In the summer of 1958 anti-Black rioting erupted in Nottingham. Homes and people were attacked. The Black community, according to Dominican reporter Edward Scobie, felt that “the police were biased and not fair in their dealings with coloured people”. In August, the racist flames having been fanned by Mosley’s Union Movement and other fascist groups, sporadic attacks on the streets of London escalated into riots. These were worst in the North Kensington area, home to many West Indian settlers. As in Nottingham, individual Blacks were pursued in the streets by mobs screaming “Lynch him”, “Lynch him”. The riots were blamed by the police and the press alike on “hooligans”, and on the Black settlers who were deemed to be a “problem”. That the local fascists had been stirring up trouble was ignored.

At about 1am on Sunday 17 May 1959, a young Antiguan carpenter, bespectacled Kelso Cochrane, was walking home from the hospital which had just plastered his broken thumb. Six White youths attacked him, leaving him on the pavement dying of a knife wound. There were some witnesses to the crime; the police were sent lists of names; some youths were held overnight, but there were no charges and no arrests. This was clearly a forerunner to the murder of Stephen Lawrence.

Black people were horrified – and organised to take action. The Notting Hill-based Inter-Racial Friendship Co-ordinating Council (IRFCC) held a meeting and decided to send an open letter to the Prime Minster, stating that “coloured citizens of the UK have lost confidence in the ability of the law enforcing agencies to protect them”. The meeting demanded that the government close “racial centres” and pass a law making incitement to racial violence illegal. It also decided to seek a meeting with the Home Secretary to discuss the situation and the demands.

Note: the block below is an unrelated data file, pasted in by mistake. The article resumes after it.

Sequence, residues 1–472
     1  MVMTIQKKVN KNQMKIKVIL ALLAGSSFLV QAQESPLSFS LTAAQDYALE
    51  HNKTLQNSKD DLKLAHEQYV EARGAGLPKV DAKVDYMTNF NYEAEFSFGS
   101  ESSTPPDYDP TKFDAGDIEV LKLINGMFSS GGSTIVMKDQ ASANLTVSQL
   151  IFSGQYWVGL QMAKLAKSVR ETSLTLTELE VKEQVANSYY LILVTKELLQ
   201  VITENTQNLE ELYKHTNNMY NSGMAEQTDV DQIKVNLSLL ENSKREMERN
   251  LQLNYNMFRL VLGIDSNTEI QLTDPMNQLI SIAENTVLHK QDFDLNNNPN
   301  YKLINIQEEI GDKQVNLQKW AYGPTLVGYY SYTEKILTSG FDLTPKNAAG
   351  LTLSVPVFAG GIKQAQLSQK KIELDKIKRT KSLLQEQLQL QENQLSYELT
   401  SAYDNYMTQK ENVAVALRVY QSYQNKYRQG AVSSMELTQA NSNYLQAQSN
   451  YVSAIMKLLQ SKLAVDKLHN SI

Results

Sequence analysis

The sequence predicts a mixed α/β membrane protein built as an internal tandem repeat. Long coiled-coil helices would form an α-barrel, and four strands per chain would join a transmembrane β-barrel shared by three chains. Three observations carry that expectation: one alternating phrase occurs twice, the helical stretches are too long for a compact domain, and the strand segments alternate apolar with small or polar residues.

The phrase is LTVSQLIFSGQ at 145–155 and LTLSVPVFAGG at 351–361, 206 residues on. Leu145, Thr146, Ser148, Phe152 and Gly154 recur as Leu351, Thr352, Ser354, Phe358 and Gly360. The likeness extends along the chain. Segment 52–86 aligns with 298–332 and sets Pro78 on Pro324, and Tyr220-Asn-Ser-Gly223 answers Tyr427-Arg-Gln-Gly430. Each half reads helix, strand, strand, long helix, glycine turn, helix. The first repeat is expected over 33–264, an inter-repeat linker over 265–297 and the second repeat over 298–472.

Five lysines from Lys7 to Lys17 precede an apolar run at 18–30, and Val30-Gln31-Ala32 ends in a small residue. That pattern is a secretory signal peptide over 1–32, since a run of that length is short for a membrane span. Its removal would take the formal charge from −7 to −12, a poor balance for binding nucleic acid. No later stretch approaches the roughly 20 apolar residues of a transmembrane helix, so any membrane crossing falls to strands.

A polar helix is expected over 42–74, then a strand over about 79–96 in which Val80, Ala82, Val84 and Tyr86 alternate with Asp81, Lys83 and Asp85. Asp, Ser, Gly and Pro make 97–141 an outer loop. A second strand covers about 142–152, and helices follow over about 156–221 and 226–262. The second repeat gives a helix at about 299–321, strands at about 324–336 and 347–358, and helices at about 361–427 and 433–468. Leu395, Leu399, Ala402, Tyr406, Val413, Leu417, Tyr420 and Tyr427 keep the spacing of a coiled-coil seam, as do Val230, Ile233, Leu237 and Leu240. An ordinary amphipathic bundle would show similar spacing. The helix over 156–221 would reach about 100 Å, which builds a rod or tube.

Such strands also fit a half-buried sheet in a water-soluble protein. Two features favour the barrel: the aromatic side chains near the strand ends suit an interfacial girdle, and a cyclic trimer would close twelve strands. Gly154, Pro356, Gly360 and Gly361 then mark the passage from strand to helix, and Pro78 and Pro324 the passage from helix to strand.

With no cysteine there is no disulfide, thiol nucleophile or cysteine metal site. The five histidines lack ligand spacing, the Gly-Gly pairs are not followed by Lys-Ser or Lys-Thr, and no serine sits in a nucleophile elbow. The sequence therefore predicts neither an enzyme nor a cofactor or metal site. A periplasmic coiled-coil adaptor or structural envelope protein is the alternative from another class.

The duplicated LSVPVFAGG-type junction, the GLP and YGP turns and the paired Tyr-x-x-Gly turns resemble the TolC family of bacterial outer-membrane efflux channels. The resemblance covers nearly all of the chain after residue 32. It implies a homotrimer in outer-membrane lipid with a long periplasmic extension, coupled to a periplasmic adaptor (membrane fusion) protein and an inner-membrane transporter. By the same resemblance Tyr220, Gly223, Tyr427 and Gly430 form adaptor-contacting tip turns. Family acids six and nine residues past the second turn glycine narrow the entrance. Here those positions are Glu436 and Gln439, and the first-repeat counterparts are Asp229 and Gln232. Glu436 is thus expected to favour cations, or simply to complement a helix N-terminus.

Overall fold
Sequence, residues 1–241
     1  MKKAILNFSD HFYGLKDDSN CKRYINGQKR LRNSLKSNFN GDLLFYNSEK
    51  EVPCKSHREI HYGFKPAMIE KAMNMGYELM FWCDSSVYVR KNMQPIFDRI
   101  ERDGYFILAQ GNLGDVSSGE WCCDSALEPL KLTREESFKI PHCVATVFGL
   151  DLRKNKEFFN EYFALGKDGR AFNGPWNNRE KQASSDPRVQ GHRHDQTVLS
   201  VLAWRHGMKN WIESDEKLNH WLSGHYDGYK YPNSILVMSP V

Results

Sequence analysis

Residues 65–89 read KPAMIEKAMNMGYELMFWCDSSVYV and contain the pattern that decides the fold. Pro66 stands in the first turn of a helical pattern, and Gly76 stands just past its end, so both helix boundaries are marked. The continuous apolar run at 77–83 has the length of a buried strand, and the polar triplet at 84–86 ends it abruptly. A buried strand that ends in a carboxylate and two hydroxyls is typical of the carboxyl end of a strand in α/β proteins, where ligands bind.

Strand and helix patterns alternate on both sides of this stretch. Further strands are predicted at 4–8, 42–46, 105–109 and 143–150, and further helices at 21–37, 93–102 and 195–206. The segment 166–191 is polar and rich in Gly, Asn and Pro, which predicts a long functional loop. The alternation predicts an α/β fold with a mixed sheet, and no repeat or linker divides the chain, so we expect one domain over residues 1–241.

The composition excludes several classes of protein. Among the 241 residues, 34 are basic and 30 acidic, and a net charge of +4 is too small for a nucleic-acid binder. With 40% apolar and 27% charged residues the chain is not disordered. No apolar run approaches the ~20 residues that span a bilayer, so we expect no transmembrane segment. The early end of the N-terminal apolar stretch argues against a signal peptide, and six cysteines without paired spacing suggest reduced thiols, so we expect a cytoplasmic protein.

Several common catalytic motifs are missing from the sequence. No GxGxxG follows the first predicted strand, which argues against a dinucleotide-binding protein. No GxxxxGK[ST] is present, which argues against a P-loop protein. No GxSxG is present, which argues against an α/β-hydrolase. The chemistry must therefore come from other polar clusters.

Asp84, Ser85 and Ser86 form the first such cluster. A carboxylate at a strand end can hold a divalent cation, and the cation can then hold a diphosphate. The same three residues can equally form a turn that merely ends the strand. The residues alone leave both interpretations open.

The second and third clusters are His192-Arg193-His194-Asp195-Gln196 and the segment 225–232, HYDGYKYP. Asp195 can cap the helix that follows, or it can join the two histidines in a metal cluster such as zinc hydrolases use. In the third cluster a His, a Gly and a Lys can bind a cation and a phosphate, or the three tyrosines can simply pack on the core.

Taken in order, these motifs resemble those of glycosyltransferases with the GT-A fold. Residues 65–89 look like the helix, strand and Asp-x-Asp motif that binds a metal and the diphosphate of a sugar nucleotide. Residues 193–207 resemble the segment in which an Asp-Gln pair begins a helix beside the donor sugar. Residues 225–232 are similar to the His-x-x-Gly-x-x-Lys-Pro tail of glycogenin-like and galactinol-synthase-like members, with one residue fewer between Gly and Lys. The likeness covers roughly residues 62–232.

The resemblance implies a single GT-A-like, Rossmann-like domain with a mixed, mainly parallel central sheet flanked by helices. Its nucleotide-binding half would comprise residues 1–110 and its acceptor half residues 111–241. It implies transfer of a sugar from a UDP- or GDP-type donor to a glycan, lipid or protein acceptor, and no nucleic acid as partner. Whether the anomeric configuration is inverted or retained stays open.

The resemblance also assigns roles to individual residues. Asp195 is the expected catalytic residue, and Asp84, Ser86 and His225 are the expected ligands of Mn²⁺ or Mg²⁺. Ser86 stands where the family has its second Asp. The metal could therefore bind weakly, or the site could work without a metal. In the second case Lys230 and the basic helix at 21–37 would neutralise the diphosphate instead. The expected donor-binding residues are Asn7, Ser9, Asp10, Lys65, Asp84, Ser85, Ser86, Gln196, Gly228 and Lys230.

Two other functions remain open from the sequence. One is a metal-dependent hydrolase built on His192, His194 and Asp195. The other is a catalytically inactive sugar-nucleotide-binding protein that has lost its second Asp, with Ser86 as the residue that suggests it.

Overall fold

A delegation of the Council, led by vice-chair Claudia Jones, received a Home Office audience. It spent one and a half hours with three Home Office officials and demanded speedy action against racist propaganda, a trebling of the police force in the Notting Hill area and new legislation to prevent incitement to race hatred. This was necessary because of “inactivity by the authorities in the face of organised attempts to stir up racial hatred by fascist groups”. Failing this, it would form its own defence organisation.